This is a really good idea. Put the p-Touch to work.

I occasionally track cars with a Corvette club in MI, and my VW track club is adopting one of their rules: Helmet must have stickers (preferably p-Touch or other durable labeling device) with Name, Blood type, and Insurance numbers on the left side (facing driver's window), and "Do Not Remove Helmet" on both sides. I think they do this in LeMons, now, too. My bike helmet has all of this info on it, too, along with "Privat Versicherung" - "private health insurance" - so I get a decent bed in the hospital in Germany if I (FSM forbid) ever need one.
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Old 06-01-2012, 06:41 AM   #21
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Originally Posted by Balanzed View Post
I have a hard time understanding why they would put up a video like this. I can't really think of a reason to take the helmet off unless you're trained in doing so.

.
To educate people on how to do it WHEN NECESSARY to preserve life....

What if the person isn't breathing or choking on there own blood??....pretty hard to give mouth to mouth through a helmet...

I guess you would wait till the ambulance arrived while the person died when CPR could have been administered and saved them. It clearly states to not remove the helmet unless absolutely necessary....better to have some idea on how to do it than none at all.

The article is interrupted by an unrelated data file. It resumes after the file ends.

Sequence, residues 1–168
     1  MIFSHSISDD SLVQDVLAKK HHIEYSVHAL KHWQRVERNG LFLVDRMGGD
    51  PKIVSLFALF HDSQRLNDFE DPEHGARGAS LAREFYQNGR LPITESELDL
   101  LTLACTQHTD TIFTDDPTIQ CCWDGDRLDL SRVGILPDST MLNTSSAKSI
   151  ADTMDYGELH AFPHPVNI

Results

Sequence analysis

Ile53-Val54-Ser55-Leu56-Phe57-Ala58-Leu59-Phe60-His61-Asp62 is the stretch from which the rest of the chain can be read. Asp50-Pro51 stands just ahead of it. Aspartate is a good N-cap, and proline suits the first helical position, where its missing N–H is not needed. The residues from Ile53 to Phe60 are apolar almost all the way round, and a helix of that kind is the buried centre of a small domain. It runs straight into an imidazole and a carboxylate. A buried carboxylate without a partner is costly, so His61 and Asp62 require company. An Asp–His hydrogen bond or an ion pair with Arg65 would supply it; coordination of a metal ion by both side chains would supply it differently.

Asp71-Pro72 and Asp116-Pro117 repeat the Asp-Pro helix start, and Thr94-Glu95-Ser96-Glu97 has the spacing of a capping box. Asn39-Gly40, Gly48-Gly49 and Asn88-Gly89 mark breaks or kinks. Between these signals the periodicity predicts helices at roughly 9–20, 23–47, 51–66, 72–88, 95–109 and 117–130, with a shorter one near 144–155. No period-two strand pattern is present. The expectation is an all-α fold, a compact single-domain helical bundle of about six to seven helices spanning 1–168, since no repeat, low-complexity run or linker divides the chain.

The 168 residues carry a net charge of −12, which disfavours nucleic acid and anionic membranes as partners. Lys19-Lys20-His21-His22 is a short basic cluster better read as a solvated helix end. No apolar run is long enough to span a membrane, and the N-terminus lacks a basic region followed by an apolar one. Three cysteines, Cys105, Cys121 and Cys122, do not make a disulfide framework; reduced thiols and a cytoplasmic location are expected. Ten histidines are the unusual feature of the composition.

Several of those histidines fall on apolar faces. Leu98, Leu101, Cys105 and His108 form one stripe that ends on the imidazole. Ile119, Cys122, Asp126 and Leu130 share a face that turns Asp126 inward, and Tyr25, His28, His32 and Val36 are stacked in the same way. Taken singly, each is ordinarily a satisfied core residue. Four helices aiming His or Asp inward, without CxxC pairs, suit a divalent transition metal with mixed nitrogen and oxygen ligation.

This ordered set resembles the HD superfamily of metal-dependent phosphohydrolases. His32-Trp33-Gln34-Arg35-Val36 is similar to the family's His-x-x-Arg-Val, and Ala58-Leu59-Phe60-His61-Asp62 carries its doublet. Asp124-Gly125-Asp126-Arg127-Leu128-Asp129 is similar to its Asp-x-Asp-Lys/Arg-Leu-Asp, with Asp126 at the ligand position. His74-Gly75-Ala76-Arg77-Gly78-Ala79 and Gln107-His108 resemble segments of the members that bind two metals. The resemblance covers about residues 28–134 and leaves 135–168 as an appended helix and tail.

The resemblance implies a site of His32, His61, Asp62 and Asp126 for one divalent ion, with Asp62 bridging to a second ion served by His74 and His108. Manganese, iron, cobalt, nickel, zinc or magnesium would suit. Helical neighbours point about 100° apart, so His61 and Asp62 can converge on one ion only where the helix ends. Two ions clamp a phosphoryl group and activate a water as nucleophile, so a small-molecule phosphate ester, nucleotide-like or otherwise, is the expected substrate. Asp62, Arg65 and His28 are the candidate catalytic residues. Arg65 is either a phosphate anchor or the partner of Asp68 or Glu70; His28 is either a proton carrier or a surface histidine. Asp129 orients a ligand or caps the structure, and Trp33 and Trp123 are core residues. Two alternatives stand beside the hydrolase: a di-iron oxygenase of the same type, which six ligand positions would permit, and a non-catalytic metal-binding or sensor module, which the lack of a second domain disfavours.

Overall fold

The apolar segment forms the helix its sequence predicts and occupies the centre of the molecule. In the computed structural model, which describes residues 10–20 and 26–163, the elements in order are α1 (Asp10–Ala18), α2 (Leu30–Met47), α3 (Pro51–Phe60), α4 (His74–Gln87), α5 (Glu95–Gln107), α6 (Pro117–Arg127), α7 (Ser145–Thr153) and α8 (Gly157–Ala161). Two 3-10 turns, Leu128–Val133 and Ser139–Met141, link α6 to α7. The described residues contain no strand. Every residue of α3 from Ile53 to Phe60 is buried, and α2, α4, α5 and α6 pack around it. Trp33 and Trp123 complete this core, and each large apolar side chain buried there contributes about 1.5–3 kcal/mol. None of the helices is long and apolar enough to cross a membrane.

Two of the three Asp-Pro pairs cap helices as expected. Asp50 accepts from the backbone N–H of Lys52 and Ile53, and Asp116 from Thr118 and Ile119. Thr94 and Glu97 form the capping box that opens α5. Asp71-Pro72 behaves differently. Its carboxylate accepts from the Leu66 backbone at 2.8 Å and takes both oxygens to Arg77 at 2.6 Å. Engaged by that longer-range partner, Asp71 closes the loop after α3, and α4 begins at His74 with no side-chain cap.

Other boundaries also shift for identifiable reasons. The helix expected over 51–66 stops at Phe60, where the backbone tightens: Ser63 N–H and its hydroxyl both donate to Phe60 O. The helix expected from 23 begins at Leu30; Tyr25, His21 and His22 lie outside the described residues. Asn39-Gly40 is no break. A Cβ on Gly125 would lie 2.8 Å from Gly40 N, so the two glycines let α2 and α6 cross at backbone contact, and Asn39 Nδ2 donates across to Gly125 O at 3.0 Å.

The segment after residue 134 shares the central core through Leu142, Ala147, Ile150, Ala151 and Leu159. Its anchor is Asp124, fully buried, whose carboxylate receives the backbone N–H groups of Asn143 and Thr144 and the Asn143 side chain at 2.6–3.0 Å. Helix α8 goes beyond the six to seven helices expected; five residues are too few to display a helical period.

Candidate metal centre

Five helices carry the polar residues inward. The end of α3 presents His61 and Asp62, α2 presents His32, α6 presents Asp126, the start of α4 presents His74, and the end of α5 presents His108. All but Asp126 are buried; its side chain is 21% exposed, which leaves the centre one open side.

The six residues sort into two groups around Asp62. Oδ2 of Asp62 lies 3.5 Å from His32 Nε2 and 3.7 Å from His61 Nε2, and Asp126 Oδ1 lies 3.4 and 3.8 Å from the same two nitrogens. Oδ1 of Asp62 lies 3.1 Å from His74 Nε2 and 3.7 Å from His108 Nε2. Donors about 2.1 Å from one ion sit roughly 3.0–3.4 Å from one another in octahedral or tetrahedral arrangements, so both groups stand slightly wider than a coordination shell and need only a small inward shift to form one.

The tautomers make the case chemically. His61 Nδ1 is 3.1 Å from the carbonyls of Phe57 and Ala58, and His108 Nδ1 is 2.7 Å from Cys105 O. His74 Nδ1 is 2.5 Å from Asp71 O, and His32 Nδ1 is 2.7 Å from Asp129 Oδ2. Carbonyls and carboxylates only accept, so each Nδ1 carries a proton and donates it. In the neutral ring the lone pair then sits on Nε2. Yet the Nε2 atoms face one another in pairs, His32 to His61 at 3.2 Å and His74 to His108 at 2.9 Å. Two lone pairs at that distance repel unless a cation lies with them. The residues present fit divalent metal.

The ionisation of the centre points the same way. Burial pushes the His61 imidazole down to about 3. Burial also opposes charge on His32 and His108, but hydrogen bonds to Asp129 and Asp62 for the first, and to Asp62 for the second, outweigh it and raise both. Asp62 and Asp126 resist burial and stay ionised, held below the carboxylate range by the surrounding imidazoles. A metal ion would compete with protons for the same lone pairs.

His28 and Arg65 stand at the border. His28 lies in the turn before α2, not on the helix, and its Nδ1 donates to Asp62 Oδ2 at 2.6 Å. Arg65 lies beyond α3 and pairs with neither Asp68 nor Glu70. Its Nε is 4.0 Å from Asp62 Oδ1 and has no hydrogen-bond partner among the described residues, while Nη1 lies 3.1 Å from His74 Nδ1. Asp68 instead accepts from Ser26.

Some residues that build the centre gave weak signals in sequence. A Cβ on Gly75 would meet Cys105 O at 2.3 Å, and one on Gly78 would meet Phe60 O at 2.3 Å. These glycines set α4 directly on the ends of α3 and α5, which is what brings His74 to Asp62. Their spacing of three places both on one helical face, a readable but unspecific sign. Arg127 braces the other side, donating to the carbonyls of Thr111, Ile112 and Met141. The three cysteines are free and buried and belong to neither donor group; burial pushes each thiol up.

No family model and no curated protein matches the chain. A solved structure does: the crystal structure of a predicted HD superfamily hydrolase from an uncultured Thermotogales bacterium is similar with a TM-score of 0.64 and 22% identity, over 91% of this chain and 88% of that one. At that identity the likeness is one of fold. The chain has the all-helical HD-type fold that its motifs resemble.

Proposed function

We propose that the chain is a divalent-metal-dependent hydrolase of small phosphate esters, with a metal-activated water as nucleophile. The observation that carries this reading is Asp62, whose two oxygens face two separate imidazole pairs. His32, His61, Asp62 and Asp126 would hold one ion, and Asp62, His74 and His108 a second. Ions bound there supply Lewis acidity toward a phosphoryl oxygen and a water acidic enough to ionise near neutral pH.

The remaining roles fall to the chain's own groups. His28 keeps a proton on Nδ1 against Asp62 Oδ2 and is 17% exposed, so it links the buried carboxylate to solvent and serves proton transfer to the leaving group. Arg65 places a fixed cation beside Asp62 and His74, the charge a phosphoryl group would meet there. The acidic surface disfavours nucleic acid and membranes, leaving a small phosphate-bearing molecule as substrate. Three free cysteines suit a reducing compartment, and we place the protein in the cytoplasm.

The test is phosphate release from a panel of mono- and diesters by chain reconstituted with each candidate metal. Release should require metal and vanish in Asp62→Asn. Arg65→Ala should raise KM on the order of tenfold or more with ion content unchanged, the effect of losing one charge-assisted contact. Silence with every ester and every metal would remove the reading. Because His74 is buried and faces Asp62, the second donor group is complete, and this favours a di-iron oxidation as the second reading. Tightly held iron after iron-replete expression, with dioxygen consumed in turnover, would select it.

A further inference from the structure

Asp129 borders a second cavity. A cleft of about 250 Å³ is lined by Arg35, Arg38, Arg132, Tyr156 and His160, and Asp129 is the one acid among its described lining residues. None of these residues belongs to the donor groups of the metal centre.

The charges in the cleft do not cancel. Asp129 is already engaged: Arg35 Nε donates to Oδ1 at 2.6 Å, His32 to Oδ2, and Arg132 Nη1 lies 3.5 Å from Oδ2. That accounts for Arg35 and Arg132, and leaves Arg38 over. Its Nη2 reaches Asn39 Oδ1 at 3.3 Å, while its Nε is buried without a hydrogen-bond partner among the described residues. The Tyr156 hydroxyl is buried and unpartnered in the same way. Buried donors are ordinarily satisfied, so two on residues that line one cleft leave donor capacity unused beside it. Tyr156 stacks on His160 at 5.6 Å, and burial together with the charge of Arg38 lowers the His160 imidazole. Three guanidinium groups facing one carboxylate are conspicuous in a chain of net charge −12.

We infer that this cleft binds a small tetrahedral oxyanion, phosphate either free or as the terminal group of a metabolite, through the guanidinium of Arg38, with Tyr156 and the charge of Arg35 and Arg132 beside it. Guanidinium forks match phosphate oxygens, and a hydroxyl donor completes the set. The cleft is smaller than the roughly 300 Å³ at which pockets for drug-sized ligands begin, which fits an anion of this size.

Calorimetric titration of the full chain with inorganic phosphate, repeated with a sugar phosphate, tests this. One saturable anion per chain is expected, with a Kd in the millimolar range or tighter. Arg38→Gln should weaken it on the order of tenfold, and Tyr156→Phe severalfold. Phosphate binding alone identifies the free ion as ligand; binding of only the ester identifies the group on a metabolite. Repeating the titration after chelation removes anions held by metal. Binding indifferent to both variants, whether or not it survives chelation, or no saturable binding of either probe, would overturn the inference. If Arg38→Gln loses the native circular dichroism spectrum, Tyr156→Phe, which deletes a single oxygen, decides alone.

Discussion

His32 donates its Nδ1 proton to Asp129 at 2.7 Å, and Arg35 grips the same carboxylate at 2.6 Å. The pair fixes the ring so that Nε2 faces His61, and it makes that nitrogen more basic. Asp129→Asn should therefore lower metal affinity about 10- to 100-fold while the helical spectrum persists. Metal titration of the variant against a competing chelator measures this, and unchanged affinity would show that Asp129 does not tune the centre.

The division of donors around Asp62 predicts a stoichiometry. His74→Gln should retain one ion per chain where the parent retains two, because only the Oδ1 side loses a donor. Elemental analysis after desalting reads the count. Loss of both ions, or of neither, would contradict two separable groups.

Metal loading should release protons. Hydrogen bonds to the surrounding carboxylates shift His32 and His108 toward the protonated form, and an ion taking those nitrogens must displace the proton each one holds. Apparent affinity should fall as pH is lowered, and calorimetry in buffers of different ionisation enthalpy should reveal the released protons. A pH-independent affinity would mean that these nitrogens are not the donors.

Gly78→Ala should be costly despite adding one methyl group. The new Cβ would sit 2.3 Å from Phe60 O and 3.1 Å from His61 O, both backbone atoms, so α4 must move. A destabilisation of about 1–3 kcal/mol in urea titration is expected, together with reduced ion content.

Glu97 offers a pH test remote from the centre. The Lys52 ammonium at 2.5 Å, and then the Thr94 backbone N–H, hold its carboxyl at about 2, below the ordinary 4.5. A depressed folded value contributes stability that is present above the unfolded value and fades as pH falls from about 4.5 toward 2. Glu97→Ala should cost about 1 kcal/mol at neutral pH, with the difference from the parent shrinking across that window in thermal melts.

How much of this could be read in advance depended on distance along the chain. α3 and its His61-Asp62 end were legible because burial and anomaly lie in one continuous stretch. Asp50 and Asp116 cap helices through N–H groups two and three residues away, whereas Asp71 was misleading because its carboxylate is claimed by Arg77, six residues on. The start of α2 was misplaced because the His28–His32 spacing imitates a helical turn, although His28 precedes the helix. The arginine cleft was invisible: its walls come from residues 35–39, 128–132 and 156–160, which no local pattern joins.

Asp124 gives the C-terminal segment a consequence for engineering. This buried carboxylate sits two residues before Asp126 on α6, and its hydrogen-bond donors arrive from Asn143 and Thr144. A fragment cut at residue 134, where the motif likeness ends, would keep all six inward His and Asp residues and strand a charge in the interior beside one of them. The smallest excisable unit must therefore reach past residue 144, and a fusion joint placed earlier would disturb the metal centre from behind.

As someone who has worked emergency services in a Fire Department and the Coast Guard I can tell you there are plenty of instances where removing a helmet would be necessary to save someone.

What I don't understand is how someone who rides would not want this knowledge....
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Old 06-01-2012, 07:08 AM   #22
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Good points, Offcamber. Sometimes action is necessary to save a life. Certainly no one is advocating performing heart surgery after watching an Internet video, but with proper training (either previous or proposed) it is good to know the technique.
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Old 06-01-2012, 10:14 AM   #23
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Originally Posted by Balanzed View Post
See, this is exactly the problem with videos like that, that they make people think that they can go ahead and do it because they saw it on the internet.
These two guys are professionals and trained and they're showing the best case scenario of a rider lying straight on his back unconscious and they have done this a lot of times and know each other well. You (you here used in its broad generic term) coming up to an accident where the rider is unconscious, lying perfectly on his/her back, calling over a bystander to help you get the helmet off while the adrenalin is pumping and you're trying to do something you've only seen on youtube is as close to idiotic as humanly possible.
If you're not trained, leave the helmet on. There's plenty of room to make sure the airways are free and that is all an untrained first responder should worry about.
I have a hard time understanding why they would put up a video like this. I can't really think of a reason to take the helmet off unless you're trained in doing so.

Secure the accident area.
Make sure the airways are clear.
Check for vital signs.
Call for help or delegate it to someone else if there is one.

You can be in a world of hurt if you try to play EMT without even a first aid course behind you and worse, you can put another person in a world of hurt accidentally.
As a rule... "world of hurt" trumps dead! Just sayin'.
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Old 06-01-2012, 02:36 PM   #24
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Originally Posted by farqhuar View Post